Super moisture-absorbent gels could revolutionize arid soil irrigation

Tamanrasset, Algérie, désert du Sahara.

Tamanrasset, Algeria, Sahara desert

How can you produce water where there is none? Researchers from the University of Texas in Austin have just made a discovery that could open up the planet’s driest soils to agriculture. 

They have produced super moisture-absorbent gels (SMAGs) with a hygroscopic polymer that captures water vapor suspended in the atmosphere and turns it into water for plants. Their experiments have shown that these gels mixed with dry, sandy soils increased water availability for sufficiently long periods to grow vegetables. 

SMAGs have been known for a long time, but this is the first time that their efficacy has been tested on arid soils. In dry regions, humidity levels rise at night, which is cooler than daytime. This potential water resource need only be recovered and stored in the soil.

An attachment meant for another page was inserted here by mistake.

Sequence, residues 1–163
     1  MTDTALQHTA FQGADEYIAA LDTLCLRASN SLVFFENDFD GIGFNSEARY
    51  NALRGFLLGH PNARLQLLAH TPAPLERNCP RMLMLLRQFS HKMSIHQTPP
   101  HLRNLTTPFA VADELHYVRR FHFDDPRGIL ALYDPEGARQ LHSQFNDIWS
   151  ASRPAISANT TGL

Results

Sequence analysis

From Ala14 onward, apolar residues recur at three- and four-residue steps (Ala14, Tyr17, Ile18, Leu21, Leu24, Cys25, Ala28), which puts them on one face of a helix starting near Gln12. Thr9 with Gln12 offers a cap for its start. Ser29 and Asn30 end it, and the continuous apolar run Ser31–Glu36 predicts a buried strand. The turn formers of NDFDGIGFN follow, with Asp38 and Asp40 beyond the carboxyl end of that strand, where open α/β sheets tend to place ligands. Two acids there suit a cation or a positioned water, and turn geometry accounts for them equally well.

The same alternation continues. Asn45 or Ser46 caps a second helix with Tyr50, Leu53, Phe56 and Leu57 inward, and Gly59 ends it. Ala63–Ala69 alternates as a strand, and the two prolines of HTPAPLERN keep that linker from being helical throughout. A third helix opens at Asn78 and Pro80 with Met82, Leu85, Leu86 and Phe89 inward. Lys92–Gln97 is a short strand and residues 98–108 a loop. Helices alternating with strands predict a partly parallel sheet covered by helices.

These gels are also heat-sensitive: when the temperature rises during the day, the stored moisture is released directly into the soil in the form of water. Some of this moisture evaporates to humidify the plant’s surface, an added advantage against dry air. 

40% drylands on Earth

The researchers compared radishes grown in plots with ordinary soil with those grown in gel-enriched soil. In the first, the seeds germinated but died after six days. In the second, the radish seeds germinated in two days and grew for two weeks thanks to the water stored in the soil. 

Today, drylands represent over 40% of the total land mass. Making crops more drought-resistant could boost food production to support the growth of the world’s population, while reducing the consumption of water, which is becoming an increasingly sought-after resource. This solution could also slow down desertification worldwide.

Before the SMAGs can be put on the market, there are still several steps on which the Texan researchers are working: gaining a better understanding of the effect of wind in arid regions, improving the SMAGs’ performance with regard to nutrients, and testing a variety of crops on soils irrigated with these super moisture-absorbent gels. 


“A new type of soil irrigates itself,” Anthropocene Magazine, November 6, 2020 -